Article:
5 Must-See Chateaux in France

Photo by: Bigstockphoto
Photo by: Bigstockphoto

France is renowned for its rich culture, powerful monarchy, old world glamor and the most beautiful castles in history. After all, France is known for its romantic landscapes and sprawling chateaux. It’s no surprise that the country attracts millions of tourists from around the world. In today’s post, we are listing down some of the best French castles you ought to see on your next visit:

Chateau d’Amboise

Located in the Centre Val de Loire Valley in the town of Amboise is the Chateau d’Amboise. The chateau itself was erected in the 9th century. Because it sits on the River Loire, the Chateau d’Amboise offers a panoramic view of the Amboise landscape. It served as the home of King Charles VIII and King François. During the 16th century, the chateaux were abandoned, most parts were later demolished. Still, the government restored the Chateau d’Amboise into its full glory, complete with its outer defensive circuits of walls and towers!

Chateau de Chenonceau

Built in the 11th century, the Chateau de Chenonceau is one of France’s most majestic castles. It sits in the River Cher in the Loire valley. This chateau’s intricate designs and opulent furnishings hint the wealth of its owners. The Chateau de Chenonceau is loved by some of the most historic women in the French monarch.

The chateau was given as a gift to Diane de Poitier, the mistress of King Henry II. She also saved the castle from being destroyed during the French Revolution. Because of its location, the Chateau de Chenonceau became significant part of local trade and commerce. It served as the only bridge across the river for miles.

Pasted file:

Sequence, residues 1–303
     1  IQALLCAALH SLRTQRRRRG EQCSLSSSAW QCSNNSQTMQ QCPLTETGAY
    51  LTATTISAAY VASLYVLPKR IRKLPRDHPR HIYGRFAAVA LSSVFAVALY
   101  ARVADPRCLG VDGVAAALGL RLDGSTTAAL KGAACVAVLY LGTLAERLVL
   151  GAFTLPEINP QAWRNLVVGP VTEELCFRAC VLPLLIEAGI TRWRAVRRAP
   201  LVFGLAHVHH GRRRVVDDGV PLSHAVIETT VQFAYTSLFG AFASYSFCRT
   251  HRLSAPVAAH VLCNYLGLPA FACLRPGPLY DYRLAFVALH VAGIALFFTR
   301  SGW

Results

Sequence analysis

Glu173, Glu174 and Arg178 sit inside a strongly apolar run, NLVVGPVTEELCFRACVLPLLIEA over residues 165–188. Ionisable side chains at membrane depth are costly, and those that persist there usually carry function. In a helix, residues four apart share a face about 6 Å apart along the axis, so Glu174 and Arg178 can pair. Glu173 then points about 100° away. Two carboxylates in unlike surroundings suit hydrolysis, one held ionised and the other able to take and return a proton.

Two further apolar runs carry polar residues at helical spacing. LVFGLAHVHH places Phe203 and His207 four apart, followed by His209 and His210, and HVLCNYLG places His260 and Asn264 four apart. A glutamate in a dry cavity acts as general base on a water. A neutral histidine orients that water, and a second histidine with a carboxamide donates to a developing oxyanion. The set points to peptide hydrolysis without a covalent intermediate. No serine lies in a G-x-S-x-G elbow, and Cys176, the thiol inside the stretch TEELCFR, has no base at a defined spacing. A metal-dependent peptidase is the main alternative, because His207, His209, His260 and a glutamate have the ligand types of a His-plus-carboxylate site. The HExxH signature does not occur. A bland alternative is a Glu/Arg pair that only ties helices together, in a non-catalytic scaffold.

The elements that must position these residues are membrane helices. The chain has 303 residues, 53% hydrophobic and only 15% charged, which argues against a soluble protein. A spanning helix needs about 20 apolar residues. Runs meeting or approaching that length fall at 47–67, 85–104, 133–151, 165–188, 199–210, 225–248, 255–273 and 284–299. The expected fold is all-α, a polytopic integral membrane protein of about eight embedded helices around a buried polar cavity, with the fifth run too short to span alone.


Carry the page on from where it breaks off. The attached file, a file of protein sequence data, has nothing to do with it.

Chateau de Chantilly

Located in Chantilly, Paris, Château de Chantilly is one of France’s most historic castles. It was built in 1528 to 1531  by Pierre Chambiges. The chateau features two buildings: the Petit Chateau and the Grand Chateau. The Petit Chateau was built in 1560 for Anne de Montmorency. The Grand Chateau was rebuilt in the 19th century after parts of the castle were destroyed during the French Revolution.

Every other year, Nuits de Feu, a fireworks competition is held in Château de Chantilly. The event attracts thousands of spectators from around the world.

Chateau de Chambord

Another lavish castle in the Loire Valley, the Château de Chambord is located in the center of Europe’s largest enclosed wooded park. The castle was a hunting lodge for King Francis I. Château de Chambord was also meant to make the king closer to his mistress. The castle is unique because of its fantastic French Renaissance architecture. The Château de Chambord’s façade is a mix of French medieval and classic Renaissance designs.


Palace of Versailles was built in 1624 in the French capital Paris. Although Versailles is a small village, it was home to Paris’ most affluent.

The chateau served as a hunting lodge for Louis XIII in the 17th century. His successor expanded the castle. These changes made Versailles Chateau one of the world’s largest palaces. The Versailles castle tops this list because it represents the French monarch’s Ancien Régime.